We all can agree that the pandemic was a merciless phenomenon that surprised many if not all in the global sphere.
Since 2020, the world, work and life as we knew it has changed. Among those most challenged by these disruptions are working women.
For instance, working women who are also mothers found it more challenging to remain employed. Some with the needs to care for their family and parents were forced to leave the workforce abruptly.
Gallup reported that, “Women disproportionately assumed caregiving responsibilities – often at the expense of their careers and overall well-being.”
Evidently, most working women especially working mothers reported having experienced emotional and mental distress—and complicated life economically as the challenges of managing the household responsibilities increased.
According to Gallup, “globally, women reported higher rates of stress, sadness and worry than men -- and they're more likely to report that their mental health was negatively affected by the pandemic. In the U.S. and Canada, 62% of working women reported experiencing stress "a lot of the day" the previous day -- 10 percentage points higher than working men and a significant increase from 2019 levels (51%).”
Depending on whether you were a mother, a caretaker or a single woman with various responsibilities that warranted your attention, mental energies, and self-involvement—only time will tell what the impact of these past few years will be in the grand scheme of things.
Whatever the case, the stats are clear in conveying the underlying fears that affected women unlike their counterpart men, on the account of career advancement and family and wellbeing.
If you are a career woman, a mother, and have to take care of your elderly parent for instance, you already have extra work on your plate. Furthermore, as ‘Chief Family Nurturers', women have had to navigate the pandemic with extra loads in addition to their career as they navigate family raising, work, wife duties and taking care of their parents.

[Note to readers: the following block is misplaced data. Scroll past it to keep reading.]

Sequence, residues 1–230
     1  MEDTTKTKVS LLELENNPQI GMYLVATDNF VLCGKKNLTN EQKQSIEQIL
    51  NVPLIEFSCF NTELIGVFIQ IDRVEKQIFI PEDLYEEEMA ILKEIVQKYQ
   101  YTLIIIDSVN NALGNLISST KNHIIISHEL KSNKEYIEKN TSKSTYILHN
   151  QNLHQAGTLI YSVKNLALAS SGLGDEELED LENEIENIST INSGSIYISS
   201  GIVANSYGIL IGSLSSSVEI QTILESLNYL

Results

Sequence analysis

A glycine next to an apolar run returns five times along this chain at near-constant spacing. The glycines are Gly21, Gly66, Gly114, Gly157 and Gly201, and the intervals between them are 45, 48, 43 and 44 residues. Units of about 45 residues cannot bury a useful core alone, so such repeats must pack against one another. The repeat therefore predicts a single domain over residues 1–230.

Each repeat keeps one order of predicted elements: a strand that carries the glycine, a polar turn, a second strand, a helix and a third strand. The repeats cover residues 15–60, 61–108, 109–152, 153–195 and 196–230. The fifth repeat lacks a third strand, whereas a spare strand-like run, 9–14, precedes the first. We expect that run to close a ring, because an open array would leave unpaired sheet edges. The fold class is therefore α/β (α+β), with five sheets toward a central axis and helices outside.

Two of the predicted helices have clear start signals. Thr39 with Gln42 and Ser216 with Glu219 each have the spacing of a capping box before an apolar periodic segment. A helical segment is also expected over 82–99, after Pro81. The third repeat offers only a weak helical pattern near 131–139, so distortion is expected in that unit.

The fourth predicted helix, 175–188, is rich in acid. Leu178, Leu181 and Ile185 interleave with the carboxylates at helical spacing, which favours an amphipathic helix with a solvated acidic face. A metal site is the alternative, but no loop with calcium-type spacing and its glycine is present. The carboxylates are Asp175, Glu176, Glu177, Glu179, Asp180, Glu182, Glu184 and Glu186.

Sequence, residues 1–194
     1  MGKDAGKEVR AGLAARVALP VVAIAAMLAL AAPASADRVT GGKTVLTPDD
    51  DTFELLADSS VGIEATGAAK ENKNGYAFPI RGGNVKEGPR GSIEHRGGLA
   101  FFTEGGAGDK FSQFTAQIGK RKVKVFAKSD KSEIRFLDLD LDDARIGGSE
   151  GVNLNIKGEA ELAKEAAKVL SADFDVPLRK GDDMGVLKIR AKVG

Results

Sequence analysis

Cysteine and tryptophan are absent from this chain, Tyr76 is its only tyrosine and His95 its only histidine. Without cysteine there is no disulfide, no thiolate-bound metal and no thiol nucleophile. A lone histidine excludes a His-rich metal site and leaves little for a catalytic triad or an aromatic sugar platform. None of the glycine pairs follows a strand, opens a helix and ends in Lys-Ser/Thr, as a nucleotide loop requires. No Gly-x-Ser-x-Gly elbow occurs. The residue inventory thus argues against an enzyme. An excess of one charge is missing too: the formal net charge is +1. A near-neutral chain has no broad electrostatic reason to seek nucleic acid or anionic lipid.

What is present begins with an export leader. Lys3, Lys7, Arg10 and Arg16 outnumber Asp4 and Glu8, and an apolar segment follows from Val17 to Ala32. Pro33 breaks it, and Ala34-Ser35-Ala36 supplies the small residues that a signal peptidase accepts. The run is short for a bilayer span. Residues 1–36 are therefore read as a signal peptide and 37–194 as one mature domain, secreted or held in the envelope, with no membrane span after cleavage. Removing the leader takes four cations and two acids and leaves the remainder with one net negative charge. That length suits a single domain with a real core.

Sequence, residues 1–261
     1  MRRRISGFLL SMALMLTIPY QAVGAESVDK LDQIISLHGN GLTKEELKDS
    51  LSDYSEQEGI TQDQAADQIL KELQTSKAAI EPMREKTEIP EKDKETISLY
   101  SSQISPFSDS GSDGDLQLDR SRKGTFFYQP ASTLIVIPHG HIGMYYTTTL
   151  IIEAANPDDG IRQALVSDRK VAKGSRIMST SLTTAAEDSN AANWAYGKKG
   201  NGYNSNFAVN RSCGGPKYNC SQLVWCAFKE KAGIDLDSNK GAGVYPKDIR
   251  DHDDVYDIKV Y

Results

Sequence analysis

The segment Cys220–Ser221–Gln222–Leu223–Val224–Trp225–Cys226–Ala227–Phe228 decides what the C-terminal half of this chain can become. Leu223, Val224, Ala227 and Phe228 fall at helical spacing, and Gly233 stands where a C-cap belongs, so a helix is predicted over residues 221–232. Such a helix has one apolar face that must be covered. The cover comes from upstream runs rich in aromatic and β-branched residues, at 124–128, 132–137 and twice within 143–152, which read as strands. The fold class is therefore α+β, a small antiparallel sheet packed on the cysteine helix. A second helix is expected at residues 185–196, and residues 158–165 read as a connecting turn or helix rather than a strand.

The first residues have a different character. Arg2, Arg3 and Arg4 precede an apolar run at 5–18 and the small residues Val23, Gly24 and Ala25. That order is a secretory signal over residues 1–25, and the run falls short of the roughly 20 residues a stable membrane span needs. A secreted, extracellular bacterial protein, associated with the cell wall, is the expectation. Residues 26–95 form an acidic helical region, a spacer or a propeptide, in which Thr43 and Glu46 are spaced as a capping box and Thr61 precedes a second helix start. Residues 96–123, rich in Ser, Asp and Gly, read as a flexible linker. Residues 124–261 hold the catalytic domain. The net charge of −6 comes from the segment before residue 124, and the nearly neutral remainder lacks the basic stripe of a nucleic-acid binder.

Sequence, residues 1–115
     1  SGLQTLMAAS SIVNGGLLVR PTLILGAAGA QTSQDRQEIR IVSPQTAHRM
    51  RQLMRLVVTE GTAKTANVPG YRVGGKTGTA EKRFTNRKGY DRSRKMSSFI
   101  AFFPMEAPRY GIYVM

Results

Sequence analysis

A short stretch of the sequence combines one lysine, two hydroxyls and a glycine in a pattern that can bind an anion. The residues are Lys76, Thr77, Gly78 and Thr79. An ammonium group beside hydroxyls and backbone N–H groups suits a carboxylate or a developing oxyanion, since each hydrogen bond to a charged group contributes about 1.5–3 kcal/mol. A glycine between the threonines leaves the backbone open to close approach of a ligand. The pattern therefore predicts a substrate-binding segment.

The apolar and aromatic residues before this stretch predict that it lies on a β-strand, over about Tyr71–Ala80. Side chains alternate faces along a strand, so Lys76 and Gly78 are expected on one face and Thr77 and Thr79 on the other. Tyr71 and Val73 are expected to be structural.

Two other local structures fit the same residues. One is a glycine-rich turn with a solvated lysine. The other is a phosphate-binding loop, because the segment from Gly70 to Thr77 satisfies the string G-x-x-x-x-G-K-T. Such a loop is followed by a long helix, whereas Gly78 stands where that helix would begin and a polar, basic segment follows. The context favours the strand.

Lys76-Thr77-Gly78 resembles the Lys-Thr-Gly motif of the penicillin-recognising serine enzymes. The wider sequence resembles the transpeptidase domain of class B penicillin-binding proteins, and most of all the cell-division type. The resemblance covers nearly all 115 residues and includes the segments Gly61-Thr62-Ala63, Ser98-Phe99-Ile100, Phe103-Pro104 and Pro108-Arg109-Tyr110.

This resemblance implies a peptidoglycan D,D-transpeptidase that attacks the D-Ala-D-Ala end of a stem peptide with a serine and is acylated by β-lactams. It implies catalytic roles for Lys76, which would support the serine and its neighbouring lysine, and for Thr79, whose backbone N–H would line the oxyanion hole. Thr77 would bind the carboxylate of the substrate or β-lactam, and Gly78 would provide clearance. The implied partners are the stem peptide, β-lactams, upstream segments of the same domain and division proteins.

As such, some women have opted out of the workforce - resigned to care for the needs of their families. Others who expressed their desire to continue to work however demanded more flexible schedules, as some want to find meaning and purpose in their work.
While these needs may seem trivial or irrelevant to some, the reality is that we need women in the workforce for their contributions are matchless. The research is out underscoring the reality that when women lead, firms win — and I might add society as at large wins too.
Organisations must thus seek to address women’s needs and concerns for the overall wellbeing of society as a whole. Simply put, a successful and strong woman means a strong man, a strong family, and a strong society!
What Working Women Want
More and more women are realising that the sooner they gain control of their careers, the better off their lives and those who depend on them will be.
As such, many who left corporate jobs either due to mass lay offs or because they felt it was the opportune time to launch a business, are said to have boosted new business startups despite the pandemic.
According to a Yelp’s Economic Survey report, about 146,486 new businesses opened in the U.S in Q1 2021. This is an increase by 4% from Q1 2019. Many of these new ventures are women owned.
A survey by gusto.com revealed the reason for this…
- 58% of women want more control over their work schedule.
- 24% wanted to start a business that they could pass on to their families.
- 37% were looking to improve their financial opportunities.
- 19% lost their jobs.
- 9% didn’t have any other job opportunities.